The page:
Coconut milk is an excellent nutrient-dense substitute for cow's milk. Coconut milk has traditionally been used in South Asian and South-East Asian cuisines. It is also commonly used as a food ingredient in tropical Latin America, Caribbean regions, and some parts of Africa. Recently, coconut milk has become more widespread as a vegan substitute for dairy milk. It has numerous benefits that help you keep healthy and fit.
What is Coconut Milk?
Coconut milk is a white milky substance extracted from the flesh of mature coconuts. It has a thick creamy texture due to the high level of oil content. The oils in coconut milk are primarily saturated fats. You can easily make coconut milk at home by mixing shredded coconut in boiling water.
However, remember coconut milk and coconut water are not the same. The difference between coconut water and coconut milk is that coconut water is sweetish clear water found inside the coconut, and coconut milk is an opaque white substance extracted from its pulp.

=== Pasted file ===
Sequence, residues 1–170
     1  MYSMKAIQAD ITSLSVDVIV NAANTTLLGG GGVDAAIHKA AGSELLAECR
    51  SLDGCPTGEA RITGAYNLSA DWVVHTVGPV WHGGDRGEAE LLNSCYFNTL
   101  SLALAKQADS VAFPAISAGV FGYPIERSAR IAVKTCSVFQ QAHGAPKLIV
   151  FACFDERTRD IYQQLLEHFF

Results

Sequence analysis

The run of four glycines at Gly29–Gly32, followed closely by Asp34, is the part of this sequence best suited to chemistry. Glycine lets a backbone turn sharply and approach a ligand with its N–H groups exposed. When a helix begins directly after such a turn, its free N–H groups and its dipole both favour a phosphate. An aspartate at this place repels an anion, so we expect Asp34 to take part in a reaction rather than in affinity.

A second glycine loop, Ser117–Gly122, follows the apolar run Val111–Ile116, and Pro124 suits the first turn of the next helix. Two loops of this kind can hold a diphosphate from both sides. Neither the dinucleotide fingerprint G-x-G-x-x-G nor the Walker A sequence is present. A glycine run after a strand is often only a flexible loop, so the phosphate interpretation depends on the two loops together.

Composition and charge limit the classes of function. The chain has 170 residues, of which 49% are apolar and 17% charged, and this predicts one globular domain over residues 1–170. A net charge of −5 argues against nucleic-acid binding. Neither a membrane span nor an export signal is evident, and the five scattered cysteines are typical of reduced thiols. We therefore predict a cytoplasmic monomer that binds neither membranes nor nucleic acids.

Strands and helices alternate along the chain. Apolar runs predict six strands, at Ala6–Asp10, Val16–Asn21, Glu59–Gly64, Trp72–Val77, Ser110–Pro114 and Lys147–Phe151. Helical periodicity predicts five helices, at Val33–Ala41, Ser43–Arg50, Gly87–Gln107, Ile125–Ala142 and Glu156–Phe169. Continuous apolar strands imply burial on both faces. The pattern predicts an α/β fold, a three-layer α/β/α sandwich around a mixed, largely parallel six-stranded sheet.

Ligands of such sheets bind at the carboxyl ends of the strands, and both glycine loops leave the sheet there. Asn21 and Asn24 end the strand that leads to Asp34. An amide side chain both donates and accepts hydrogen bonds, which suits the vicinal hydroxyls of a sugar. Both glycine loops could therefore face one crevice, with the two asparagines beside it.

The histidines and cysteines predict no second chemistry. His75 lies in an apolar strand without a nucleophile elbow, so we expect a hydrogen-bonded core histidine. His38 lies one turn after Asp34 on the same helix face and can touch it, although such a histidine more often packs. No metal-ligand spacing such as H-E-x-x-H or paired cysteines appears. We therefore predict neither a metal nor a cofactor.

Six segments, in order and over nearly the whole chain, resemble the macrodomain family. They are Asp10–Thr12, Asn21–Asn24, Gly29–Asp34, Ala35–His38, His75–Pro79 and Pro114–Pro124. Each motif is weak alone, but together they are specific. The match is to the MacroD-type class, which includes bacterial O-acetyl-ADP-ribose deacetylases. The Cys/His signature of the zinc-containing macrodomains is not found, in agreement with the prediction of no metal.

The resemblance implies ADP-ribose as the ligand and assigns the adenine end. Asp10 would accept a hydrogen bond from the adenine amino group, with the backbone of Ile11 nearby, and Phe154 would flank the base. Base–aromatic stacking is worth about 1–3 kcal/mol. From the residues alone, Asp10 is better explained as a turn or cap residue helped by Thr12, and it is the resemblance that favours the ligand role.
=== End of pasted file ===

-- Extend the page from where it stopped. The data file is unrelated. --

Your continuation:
Fresh coconut vs. coconut milk
Fresh coconut is the coconut pulp that is white in color and slightly sweetish in taste. You cannot find it in young green coconuts. As the coconut matures, it grows the kernel that is commonly known as coconut pulp or coconut meat.
You can scrape the whole pulp easily. It has a firm texture and is high in fat. However, these are not harmful fats. In fact, the medium-chain triglycerides (MCTs) found in coconut help in reducing body fat. Besides, it supplies carbs, protein, and essential minerals like iron, copper, potassium, and manganese. You can use grated, shaved, or sliced coconut in cooking and baking.
You can imagine coconut milk as the liquid form of coconut meat. It has similar nutritional values as fresh coconut. However, when added to a dish, the taste and flavor of coconut milk are more subtle than grated or sliced coconuts.